Recruiting firm TS2 has announced their pick for the "Most Successful & Respected" executive producer in the video game industry, and the nod goes to Obsidian Entertainment's Feargus Urquhart. To commemorate the event, they've published an interview they did with the deserving RPG veteran back in April:
What would you say, is one of your projects that was a turning point in your career?
(Definitely I would say Fallout I and Fallout II. Just going through the process and taking these games to completion.) When he started at Interplay he was dealing with 5 people in a development team and with Fallout he found himself working with teams in excess of 30 people. This, he said, really showed him how to manage people and make a game in the current environment. The complexity that has to go into the production of these games is so different than it was even 10 years ago. There is much more focus on the source control, the tools used, and more intense focus of preproduction than there was in the past.
Feargus noted that he is currently looking at the differences between preproduction and production as potentially two different teams with a different focus. The focus of the preproduction is what kind of game it will be and may not mean that those people are necessarily needed to be the ones working on the production team.
Other differences that have affected his career are operating as an independent developer working with publishers. Feargus said the big difference is when dealing with a publisher is that they look at the bottom line and want to know how much it will cost and how long it will take to develop. With the cost of games in the tens of millions range the ability for a team to experiment a great deal outside of the original scope is limited because the importance of hitting milestones. (Working with a publisher we are contractors,) Feargus cited. (We go in and sell the idea of building a 12' swimming pool and how we see it as a finished product. Then you go to dig the hole and find out that at 10' there is bedrock that did not show up on the seismic readings. To go back to the publisher and explain that to get that pool to 12' we will either need to increase the budget and timing or make some adjustments to the plan has been challenging.) Feargus said he is much better now at understanding the core of a project and explaining the additional features and ideas that go along with the concept but that are not essential to creating a completed game. It is managing those expectations and clearly understanding your vision for the project that allows for successful relationships with publishers.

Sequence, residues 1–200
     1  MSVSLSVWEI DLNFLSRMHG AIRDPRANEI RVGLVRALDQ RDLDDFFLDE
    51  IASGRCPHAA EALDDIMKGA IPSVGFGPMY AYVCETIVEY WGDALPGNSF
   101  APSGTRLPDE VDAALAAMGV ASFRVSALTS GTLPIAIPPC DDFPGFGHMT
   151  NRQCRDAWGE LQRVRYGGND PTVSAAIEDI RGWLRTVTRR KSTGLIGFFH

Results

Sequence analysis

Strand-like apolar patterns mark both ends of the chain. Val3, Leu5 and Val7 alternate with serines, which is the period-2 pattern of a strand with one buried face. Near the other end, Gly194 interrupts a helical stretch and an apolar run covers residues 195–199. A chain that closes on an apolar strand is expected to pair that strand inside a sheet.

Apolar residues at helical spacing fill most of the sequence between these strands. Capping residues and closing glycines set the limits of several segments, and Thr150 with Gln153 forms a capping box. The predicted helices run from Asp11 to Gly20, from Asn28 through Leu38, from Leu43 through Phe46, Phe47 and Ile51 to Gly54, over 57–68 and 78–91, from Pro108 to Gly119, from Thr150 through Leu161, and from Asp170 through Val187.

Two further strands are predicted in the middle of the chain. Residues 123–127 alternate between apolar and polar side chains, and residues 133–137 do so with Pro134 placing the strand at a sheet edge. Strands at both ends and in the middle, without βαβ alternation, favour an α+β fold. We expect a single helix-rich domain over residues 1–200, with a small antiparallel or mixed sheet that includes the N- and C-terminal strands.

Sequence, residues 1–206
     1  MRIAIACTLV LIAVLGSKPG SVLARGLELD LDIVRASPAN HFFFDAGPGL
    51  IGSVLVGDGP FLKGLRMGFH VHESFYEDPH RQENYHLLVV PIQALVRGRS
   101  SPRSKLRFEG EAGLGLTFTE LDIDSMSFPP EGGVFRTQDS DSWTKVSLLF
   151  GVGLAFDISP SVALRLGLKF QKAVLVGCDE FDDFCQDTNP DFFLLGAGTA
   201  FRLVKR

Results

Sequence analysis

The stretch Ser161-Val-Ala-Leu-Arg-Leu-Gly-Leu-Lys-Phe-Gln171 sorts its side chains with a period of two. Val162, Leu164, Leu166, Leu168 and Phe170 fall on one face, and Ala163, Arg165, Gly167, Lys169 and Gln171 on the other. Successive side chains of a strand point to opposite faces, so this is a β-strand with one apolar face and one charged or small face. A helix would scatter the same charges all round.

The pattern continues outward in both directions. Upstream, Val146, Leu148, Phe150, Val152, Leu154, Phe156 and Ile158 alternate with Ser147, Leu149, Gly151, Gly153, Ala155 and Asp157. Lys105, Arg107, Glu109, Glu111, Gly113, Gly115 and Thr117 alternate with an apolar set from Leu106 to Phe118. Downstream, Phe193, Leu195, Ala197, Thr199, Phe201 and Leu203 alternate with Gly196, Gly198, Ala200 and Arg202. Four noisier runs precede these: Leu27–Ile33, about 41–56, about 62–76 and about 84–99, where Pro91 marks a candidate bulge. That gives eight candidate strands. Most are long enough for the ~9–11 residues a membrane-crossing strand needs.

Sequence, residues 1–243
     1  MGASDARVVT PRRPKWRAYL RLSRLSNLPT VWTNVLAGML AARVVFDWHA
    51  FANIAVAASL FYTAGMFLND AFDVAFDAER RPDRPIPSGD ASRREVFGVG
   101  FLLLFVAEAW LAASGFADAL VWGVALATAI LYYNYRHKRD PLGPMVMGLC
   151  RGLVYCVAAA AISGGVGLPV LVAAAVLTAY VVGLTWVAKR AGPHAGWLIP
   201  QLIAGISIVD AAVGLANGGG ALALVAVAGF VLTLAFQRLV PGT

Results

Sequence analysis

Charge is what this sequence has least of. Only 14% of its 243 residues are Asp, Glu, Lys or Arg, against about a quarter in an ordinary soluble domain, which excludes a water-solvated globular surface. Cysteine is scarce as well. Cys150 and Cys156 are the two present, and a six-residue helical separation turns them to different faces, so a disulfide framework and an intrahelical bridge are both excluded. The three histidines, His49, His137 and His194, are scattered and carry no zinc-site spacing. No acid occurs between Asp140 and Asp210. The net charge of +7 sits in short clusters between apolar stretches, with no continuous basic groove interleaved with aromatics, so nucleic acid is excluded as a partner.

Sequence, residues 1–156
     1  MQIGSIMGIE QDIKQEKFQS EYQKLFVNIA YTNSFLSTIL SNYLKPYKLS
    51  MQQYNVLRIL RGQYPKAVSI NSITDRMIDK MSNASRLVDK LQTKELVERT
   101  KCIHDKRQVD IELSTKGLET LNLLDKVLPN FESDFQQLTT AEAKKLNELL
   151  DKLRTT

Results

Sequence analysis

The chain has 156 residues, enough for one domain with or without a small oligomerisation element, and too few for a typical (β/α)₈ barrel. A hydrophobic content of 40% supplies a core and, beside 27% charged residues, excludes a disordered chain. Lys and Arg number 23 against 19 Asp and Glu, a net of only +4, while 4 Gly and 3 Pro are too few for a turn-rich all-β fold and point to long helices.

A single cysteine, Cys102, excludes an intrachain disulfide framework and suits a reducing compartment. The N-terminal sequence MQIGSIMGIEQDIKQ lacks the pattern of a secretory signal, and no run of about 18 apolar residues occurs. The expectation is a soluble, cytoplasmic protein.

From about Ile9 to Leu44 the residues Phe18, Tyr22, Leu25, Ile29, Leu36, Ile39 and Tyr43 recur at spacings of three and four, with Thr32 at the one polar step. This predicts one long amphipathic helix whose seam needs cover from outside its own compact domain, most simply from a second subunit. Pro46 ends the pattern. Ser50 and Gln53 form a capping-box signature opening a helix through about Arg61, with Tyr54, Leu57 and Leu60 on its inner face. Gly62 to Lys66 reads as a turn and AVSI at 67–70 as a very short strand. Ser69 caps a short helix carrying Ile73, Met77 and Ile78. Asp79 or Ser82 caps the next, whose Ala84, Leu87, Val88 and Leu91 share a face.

Feargus also got a better understanding of working with a publisher's goals and motivations. Although it takes many people to develop and publish a successful game not everyone involved has the same timeline to hit certain milestones. A PR person may need a certain asset for an upcoming cover that the production team slated for finalization weeks down the road. By understanding that there are external relationships and deadlines that are going to affect the schedule is part of the process. These changes come up but they do not change the milestones originally set. Feargus mentioned that he has seen people new to game development struggle trying to get a publisher to understand their situations and the results of the changes; where the disconnect lies is the publishers don't need to understand your job to do theirs. The passion can be different and is usually focused around different things. Explaining a back story of a character to a publisher that is focused on the multiplayer feature is not helping. In working on both sides earlier in his career Feargus was able to understand some of the relationships involved in the process allowing him to focus on what is important to his team being successful.